Here's how the Center explained it:
If Congress fails to extend the debt ceiling, it is possible that new student loans would not be issued until the debt ceiling is increased. In the long run, the Bipartisan Student Loan Certainty Act of 2013, which Congress passed earlier this year, ties federal student loan rates to interest rates on Treasury bonds. Fortunately, current federal student loan borrowers are locked into their rates for the duration of their loan and their interest rates would not be affected by rising Treasury rates.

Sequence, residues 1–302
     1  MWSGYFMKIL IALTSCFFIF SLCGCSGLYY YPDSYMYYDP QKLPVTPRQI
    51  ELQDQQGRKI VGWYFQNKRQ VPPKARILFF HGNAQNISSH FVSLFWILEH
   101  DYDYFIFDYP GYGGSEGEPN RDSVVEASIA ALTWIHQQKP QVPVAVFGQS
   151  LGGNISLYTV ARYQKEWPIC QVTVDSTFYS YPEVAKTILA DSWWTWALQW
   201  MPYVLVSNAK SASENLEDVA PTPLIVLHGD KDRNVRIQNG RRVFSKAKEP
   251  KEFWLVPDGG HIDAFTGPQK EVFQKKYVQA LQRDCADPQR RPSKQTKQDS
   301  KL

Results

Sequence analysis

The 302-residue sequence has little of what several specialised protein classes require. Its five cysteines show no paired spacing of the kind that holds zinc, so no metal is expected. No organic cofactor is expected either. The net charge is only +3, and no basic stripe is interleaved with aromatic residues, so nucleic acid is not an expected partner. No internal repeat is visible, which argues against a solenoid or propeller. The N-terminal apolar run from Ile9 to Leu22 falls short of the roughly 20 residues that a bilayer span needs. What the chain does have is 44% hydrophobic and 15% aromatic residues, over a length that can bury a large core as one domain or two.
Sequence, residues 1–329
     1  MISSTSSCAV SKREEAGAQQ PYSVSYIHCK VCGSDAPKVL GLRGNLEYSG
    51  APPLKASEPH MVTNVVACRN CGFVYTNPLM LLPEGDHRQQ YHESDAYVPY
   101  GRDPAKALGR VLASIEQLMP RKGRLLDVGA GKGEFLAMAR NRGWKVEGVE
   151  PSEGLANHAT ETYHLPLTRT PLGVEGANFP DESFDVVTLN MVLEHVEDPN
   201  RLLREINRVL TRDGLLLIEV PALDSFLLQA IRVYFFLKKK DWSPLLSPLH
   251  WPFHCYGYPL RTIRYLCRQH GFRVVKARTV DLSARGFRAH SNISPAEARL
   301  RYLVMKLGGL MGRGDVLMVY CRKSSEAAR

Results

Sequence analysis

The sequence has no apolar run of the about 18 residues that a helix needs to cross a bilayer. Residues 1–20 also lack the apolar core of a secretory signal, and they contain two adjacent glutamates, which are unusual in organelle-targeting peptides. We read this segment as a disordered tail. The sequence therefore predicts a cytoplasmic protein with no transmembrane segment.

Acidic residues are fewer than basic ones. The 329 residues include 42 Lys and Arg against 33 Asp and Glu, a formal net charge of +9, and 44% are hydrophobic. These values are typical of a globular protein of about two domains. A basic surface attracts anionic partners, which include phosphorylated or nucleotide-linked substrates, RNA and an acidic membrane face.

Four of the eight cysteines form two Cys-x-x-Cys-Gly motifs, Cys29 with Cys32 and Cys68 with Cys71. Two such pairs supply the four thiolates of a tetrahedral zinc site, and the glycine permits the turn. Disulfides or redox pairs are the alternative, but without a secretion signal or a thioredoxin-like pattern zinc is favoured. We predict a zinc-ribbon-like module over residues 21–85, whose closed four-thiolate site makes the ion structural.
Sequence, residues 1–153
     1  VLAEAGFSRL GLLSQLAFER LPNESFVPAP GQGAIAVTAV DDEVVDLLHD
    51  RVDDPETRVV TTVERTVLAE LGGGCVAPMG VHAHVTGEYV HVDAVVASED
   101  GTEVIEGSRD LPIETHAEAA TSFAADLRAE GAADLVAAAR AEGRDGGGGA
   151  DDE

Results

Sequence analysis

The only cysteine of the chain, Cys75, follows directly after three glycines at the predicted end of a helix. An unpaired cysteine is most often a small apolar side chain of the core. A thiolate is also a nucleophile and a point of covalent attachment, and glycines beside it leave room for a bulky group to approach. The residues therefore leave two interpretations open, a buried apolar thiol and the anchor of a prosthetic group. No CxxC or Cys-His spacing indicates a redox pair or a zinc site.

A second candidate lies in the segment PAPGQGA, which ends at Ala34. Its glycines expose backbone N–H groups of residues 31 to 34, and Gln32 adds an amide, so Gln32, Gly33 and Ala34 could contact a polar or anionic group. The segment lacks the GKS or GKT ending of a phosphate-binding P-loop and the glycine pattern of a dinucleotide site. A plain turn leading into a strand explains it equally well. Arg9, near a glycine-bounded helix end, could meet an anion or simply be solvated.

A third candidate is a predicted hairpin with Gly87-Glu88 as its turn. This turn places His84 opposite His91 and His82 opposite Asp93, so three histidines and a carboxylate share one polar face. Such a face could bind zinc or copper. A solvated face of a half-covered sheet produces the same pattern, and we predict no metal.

But if the government defaults on its debt, causing a rise in Treasury rates, student loan rates would rise for future borrowers beginning on July 1, 2014. That means hardworking students taking out new loans would be facing higher payments and exacerbating our student debt crisis.The last point is important. It will exacerbate our student debt crisis, something that isn't even remotely on the table because our government - the faction of extremists in the GOP - is completely dysfunctional at the moment. Here's to hoping these folks get kicked out during the next election cycle. (We also desperately need to address the issue of gerrymandering).